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No Joy in Mudville

June 29, 2011

It was a black blob. Lying in the meadow just beyond our lawn. A wire fence separated us. Tall weeds shielded it. I had an idea what it was, but I didn’t want to admit it.

Our little cottage is surrounded by three meadows: the gently sloping south meadow, bordered by a lovely stone house, ancient trees, hedges and gardens; the adjacent west meadow that parallels our coach house and has a burial mound at its top (not people, just building refuse), and the north meadow that rises from the west and leads to a stand of trees where our (no, they’re not ours, but their welfare has become our watch)  sheep tuck under for a bit of shade during their afternoon naps.

Rotating in and out of our meadows are three sheep families. Beige mama has two little beige babies who have eaten their way through the pastures and are getting quite chubby. Black sheep mama #1 has two little black sheep babies and black sheep mama #2 has two brilliantly white baby lambs that Paul watched being born (whereupon he immediately sent out birth announcements.) Genetics played a hand here.

Babies at Play

Our little families move from meadow to meadow, filling their bellies, lying idly in the sun, monitoring a “kid-der garten” of sorts as the little ones chase each other around and around and around. Bonking heads, mounting the one female and being chased away by mama, a little brown horn pushing its way upward on a little lamb head – these are our daily snippets of entertainment whenever we look out the window or walk out to the terrace.

They talk to us. We park our car in the gravel driveway and see little faces baa-ing away. They’re telling us about their day. Complaining about the grass. Wondering where their pals are. Or just saying hello.

They’re not particularly beautiful. In fact, the mamas are kind of scruffy and unkempt. But they have gotten under our skin and we’ve learned from them. They know who their babies are. They guard them. Guide them. And the babies trail close behind whenever mama moves to a different part of the meadow.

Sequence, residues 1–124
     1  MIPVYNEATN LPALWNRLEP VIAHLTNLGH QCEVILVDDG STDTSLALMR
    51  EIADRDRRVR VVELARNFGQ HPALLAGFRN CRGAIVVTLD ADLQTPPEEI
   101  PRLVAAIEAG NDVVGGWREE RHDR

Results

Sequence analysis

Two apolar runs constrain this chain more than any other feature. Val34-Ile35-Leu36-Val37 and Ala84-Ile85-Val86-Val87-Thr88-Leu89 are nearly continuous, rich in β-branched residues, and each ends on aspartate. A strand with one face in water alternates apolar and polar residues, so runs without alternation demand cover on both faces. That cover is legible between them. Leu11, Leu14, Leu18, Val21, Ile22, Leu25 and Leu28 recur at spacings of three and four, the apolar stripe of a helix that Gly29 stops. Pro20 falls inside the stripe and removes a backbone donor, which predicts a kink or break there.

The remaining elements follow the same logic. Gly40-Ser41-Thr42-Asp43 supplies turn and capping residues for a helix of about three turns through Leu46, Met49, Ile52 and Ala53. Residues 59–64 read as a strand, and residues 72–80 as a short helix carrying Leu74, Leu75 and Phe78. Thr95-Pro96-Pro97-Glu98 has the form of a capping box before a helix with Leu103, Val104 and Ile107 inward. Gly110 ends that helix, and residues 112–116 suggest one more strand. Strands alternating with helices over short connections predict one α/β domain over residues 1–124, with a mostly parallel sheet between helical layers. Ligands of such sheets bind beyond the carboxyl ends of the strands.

One afternoon when I was away, Paul heard a continuous baaaaaa outside near the terrace. One of the beige babies had found his way into our backyard and needed Paul’s help. Grandpa Paul led him around to the meadow gate and reunited him with his family, stepping in a pile of poo along the way. Oh, the things you forgive when you have children.

We’ve been offered the opportunity to purchase a spring lamb, butchered and ready to eat. I don’t know if I could eat it, having become emotionally attached to our animal families who live outside. It’s like fishing. I can’t eat what I catch. Or chickens. I can’t eat what I saw living a few minutes before. No. No spring lamb for me.

I emailed our landlord about the black blob. Within an hour the farmer had been alerted and had discovered the dead sheep. It seemed a dog had gotten to her. How, I don’t know.  Why? Well, it’s the country, isn’t it? Animals do what animals do. It’s called nature. But in our little corner of Wales, where the hills are green and the mountains poke their heads out of the valleys, where melodious voices reach out of the valleys and where ancient temples still stand – in our little corner of heaven, today, there is no joy in Mudville.

My thanks to the poet Ernest Lawrence Thayer’s “Casey at Bat.”

 

 

 

 

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3 Comments leave one →
  1. Kate Holly permalink
    June 30, 2011 7:46 am

    😦 Poor little lamb, that’s so sad!

  2. July 1, 2011 2:30 pm

    Oh Jann, that’s so sad about the baby! I know how attached you can get to farm animals, I used to have chickens and couldn’t imagine eating any of them. It must be great to see the antics of the sheep everyday, just watching animals graze in a pasture can be very relaxing.
    When I stay with Gary I love taking pictures of the black faced sheep up in Ingram valley, they look wild and beautiful. I’m sad I missed all the lambs this year.

  3. July 26, 2011 11:44 pm

    JANN, HOW COULD YOU LET THE WILD POOCH GET TO THE LITTLE LAMB. YOU SHOULD BE ASHAMED OF YOURSELF.
    ‘BABA BLACK SHEEP, HAVE YOU ANY WOOL?’
    I GUESS THE DOG THOUGHT SO!

    Bring me up to date on what you have been up to.

    YOUR DC FRIEND. I HAVE LOTS AND LOTS OF NEWS

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